As I work through secondary sources, I'll post short summaries or key points as a way to share how they are informing my research.
Stacey, Jackie. The Cinematic Life of the Gene. Durham, NC: Duke University Press, 2010.
In the Introduction, Stacey argues that the cinema has proven especially adept at exploring the fears and possibilities surrounding genetic engineering, in part because they are "both technologies of imitation" that "seek to imitate life" (7). Cinema is an art form that can visualize the invisible and create images to analyze the unseeable processes of genetics.
Stacey sees three main areas of cultural anxiety around genetic engineering, mirrored by the three complementary desires leading us to pursue them (10-11):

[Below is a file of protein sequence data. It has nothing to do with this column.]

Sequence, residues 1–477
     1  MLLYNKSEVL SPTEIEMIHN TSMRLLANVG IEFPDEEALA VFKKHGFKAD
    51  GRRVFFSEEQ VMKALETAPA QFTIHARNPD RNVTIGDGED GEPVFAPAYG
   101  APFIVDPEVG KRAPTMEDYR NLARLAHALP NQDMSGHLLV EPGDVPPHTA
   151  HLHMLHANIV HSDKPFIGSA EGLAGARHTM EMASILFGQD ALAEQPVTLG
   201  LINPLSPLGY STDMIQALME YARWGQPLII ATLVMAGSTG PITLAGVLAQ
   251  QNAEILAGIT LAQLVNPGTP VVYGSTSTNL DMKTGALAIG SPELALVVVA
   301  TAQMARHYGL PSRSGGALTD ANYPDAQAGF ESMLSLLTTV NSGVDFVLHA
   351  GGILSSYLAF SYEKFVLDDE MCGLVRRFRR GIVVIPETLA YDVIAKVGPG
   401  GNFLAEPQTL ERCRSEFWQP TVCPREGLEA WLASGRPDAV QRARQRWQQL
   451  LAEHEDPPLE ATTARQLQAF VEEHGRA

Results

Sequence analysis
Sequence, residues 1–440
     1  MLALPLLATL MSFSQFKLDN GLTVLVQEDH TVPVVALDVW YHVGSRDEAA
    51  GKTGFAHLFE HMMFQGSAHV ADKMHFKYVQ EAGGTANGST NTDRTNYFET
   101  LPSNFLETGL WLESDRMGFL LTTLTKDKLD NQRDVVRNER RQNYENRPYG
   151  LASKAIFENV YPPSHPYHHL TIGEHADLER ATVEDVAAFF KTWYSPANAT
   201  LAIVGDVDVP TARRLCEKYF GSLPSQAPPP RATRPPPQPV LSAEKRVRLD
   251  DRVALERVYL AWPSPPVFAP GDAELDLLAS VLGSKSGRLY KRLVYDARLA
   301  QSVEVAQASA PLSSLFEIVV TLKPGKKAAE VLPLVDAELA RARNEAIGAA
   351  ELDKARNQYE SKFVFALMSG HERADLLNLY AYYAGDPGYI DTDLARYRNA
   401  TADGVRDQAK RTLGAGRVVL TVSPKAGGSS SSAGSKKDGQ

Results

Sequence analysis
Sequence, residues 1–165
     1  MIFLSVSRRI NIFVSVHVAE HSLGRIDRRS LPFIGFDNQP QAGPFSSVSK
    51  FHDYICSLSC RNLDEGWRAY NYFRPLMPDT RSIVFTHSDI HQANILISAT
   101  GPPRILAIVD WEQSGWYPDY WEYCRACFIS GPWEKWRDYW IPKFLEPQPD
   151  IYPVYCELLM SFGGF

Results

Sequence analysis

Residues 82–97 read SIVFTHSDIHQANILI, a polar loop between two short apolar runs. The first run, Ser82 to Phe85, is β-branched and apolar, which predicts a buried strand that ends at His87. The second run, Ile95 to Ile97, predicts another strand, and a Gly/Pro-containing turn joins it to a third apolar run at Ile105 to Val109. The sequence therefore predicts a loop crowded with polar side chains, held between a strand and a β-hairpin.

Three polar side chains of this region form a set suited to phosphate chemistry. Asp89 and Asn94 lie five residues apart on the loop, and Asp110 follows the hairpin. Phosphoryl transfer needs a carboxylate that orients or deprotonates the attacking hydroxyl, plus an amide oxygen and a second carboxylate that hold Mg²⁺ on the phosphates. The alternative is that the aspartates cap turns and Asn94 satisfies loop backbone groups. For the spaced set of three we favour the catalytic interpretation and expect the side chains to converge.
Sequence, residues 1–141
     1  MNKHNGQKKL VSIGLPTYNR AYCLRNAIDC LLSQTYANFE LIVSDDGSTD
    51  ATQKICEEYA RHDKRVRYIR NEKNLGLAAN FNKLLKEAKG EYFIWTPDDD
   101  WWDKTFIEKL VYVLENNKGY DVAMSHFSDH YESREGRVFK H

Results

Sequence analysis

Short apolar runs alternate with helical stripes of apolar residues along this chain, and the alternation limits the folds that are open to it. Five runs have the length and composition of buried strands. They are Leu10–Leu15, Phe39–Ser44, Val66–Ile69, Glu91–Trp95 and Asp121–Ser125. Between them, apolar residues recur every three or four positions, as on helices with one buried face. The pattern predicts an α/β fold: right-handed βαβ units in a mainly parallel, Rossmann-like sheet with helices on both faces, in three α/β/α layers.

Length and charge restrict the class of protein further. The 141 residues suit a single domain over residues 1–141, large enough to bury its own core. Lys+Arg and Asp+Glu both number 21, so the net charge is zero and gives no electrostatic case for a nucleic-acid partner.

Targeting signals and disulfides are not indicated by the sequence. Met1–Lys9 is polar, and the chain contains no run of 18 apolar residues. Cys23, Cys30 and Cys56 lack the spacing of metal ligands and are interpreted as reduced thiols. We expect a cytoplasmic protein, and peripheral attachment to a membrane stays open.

- "To imitate life"
- "To secure identity as legible through screening technologies"
- "To anchor embodied difference by making it stable, predictable, and visible"
- "The separation of sexuality from reproduction;" "the detraditionalization of heterosexual reproduction and the queering of biological processes;" the loss of autonomy/individuality
- "Identity theft and genetic impersonation;" the repositioning of kinship
- "The destabilization of traditional markers of difference and privilege" (e.g., race, ability)
In their own way, all of the films Stacey analyzes in the book are "preoccupied with this paradox: the impossibility of seeing someone's genes despite the ubiquitous presence of genetic discourse" (11).